20something profile: Tatiana
“Wait, so I get to buy clothes for a living?”
When I graduated from college in May of 2010 from Syracuse University after triple majoring in Retail Management, Accounting, and Marketing Management, I thought that I was going to start my new glamorous job and become an Assistant Buyer in less than two years. Even after I was recruited to work for a global multi-billion dollar retail company, and they told me the average person took four years to move through the ranks, it didn’t change my mind.
My attitude was it was nice for everyone else, but I was going to do in two years and I was going to be great at it. I was going to be the BEST Assistant Buyer this company had ever seen, and damn it, it was going to take me two years. I was so focused on the length of time it would take me to get to my coveted position that I neglected to understand the full scope of what a career was. Whelp, it didn’t take me long to realize a couple things:
- I didn’t have any experience in Buying, and I didn’t actually know anything about driving a business other than “I like that color, with that label, in that silhouette.”
- The money that I wanted to spend “picking things” with, was actually real money; not only was it real money, but it was millions of dollars of real money. And there were also these things called margin, ROI (return on investment), and GP (Gross Profit) that the company really cared about. They weren’t just vocabulary terms that were just in my college textbooks.
- I was initially hired as an Allocation Analyst in a corporate training program; I was not hired as an Assistant Buyer.
I may be making a broad generalization when I say this, but I feel as though I am a part of a generation that wants to be successful and innovative while making our mark on history; the only issue is that we want to do it all before the age of thirty. Being driven is not a crime, but what I’ve learned is that in order to be successful, you need to understand the full scope of the industry: I needed to understand all the “players” and how they all worked together.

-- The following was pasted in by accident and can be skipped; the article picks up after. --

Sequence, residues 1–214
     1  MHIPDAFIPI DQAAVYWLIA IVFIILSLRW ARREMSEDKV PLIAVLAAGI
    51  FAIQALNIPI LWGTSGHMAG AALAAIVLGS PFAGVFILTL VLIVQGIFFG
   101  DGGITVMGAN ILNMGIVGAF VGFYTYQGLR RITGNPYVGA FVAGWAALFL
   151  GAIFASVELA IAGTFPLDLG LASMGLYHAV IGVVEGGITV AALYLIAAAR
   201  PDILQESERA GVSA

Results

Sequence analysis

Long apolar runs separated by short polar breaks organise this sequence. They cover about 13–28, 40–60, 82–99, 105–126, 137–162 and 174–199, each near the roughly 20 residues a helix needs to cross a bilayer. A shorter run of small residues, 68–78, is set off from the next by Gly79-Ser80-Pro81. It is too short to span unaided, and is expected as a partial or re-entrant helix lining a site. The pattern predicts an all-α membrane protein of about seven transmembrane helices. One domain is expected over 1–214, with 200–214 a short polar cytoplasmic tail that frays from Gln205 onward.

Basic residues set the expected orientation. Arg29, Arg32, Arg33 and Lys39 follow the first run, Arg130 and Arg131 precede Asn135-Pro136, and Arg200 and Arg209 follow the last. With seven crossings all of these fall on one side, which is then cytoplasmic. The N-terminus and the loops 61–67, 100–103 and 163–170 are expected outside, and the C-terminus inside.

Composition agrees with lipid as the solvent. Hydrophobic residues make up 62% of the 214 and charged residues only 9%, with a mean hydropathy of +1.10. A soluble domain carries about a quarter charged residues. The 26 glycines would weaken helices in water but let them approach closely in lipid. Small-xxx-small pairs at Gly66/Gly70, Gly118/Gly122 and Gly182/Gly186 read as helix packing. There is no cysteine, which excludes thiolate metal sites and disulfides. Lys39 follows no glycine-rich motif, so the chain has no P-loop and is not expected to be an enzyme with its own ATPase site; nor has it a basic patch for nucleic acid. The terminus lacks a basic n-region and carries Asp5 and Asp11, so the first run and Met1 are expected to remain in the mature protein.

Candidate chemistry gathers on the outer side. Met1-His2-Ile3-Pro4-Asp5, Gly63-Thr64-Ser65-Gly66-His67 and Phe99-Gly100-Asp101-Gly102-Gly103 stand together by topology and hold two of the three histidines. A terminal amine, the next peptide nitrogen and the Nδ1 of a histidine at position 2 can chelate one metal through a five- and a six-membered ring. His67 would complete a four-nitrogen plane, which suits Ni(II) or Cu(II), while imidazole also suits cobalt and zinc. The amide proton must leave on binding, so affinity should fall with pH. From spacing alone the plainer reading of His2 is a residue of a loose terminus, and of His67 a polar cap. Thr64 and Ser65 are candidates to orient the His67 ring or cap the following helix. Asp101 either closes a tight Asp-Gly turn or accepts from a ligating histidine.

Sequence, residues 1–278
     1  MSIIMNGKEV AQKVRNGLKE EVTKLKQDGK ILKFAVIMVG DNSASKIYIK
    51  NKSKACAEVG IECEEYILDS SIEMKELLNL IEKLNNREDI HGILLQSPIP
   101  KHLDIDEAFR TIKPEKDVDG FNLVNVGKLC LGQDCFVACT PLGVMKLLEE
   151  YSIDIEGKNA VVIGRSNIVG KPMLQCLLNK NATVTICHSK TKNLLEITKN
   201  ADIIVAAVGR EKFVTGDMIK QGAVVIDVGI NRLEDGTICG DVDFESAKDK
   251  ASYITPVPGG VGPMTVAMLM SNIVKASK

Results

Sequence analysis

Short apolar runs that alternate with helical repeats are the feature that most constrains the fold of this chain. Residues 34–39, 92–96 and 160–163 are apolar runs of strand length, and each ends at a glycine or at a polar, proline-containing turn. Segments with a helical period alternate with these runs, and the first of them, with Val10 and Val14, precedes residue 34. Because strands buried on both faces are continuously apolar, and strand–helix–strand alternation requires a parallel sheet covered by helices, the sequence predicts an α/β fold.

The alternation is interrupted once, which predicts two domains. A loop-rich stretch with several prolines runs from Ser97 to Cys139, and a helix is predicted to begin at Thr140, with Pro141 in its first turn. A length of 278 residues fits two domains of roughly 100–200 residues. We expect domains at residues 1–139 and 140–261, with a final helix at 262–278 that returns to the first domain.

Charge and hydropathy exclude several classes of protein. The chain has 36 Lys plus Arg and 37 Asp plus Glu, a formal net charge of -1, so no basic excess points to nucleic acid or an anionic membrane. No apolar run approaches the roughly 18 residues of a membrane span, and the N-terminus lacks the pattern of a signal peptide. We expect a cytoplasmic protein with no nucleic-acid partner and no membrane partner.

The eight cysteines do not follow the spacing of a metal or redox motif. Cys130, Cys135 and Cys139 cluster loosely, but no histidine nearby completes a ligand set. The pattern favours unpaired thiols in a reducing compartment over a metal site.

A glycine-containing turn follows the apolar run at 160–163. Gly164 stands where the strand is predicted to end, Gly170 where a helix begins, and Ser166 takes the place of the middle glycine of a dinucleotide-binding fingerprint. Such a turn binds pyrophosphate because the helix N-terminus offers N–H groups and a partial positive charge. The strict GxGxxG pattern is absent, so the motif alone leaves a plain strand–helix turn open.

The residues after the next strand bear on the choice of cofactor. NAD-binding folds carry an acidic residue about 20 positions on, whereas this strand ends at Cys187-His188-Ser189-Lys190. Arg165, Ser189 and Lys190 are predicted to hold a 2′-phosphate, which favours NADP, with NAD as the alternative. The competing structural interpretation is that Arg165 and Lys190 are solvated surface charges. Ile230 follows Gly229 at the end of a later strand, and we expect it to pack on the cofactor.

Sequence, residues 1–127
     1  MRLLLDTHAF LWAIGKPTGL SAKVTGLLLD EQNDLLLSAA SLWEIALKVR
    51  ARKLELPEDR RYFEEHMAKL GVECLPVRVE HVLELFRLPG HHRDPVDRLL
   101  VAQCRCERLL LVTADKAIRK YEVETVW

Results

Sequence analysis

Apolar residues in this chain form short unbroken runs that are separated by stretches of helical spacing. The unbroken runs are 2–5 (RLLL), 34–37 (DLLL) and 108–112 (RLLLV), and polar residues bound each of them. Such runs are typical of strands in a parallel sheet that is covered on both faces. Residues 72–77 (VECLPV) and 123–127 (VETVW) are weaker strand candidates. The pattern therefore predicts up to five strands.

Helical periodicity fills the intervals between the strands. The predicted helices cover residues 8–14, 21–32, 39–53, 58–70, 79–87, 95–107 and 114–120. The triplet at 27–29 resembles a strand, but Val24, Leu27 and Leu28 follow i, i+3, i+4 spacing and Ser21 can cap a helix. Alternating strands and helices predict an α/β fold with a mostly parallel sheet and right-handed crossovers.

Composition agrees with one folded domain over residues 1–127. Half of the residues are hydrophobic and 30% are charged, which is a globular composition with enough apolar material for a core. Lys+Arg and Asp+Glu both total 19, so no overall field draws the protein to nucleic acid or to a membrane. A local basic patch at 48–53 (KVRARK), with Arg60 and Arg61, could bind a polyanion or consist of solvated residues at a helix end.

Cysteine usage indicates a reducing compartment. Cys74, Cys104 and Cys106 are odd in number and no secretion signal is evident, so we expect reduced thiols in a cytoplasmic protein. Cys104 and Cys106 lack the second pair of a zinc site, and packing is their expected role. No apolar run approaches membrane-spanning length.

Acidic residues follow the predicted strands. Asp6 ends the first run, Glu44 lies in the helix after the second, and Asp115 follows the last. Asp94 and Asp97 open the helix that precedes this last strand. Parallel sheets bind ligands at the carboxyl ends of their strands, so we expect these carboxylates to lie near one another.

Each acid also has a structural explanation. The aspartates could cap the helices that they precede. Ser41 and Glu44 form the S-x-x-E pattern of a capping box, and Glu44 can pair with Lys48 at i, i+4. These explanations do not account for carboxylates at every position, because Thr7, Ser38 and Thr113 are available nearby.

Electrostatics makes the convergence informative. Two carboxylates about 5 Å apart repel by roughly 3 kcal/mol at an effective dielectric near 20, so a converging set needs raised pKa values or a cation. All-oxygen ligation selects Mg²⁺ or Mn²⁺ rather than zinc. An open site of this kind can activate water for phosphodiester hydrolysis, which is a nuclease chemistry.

So I took some time to network with people in my company in an effort to understand the business. I met with Assistant Buyers, Buyers, AVPs, VPs, and Mangers of different departments of the company. This not only allowed me to learn all the different positions but to develop a group of mentors in the process. Building business relationships is a vital part of developing yourself and advancing in your career.
I then started working on special projects that allowed me to showcase my skills to various people in higher positions of the company from HR to Merchandising. My personality, work, and most importantly, my achievements were in the forefront of people’s minds. I had started to develop my Personal Brand.
Soon after, I was promoted from Allocation Analyst to Senior Allocation Analyst, then about a year ago to Associate Planner. Being an Associate Planner allowed me to travel with the Buyers. I also started working on global initiatives and started a company sponsored leadership program in Boston.
Currently, I am one promotion away from my coveted position, and it looks like 2013 may be my year. My best advice when it comes to your career is to be the best you can be in your current role, and when you excel at that, push yourself to the next level. Everything will come together when you focus on tomorrow but still have your eye on next year. Network has much as you can and push yourself every day.
Throughout my journey, I realized that my life isn’t just about advancing my career and getting to the next level. I still needed to maintain friendships, have fun, date, and be a normal twenty-something. I recently moved to a new city, and needed to explore it — and myself. I started my blog pinkroses & redwine, which is filled with relationship advice, career advice, and all things pertaining to a twenty-something.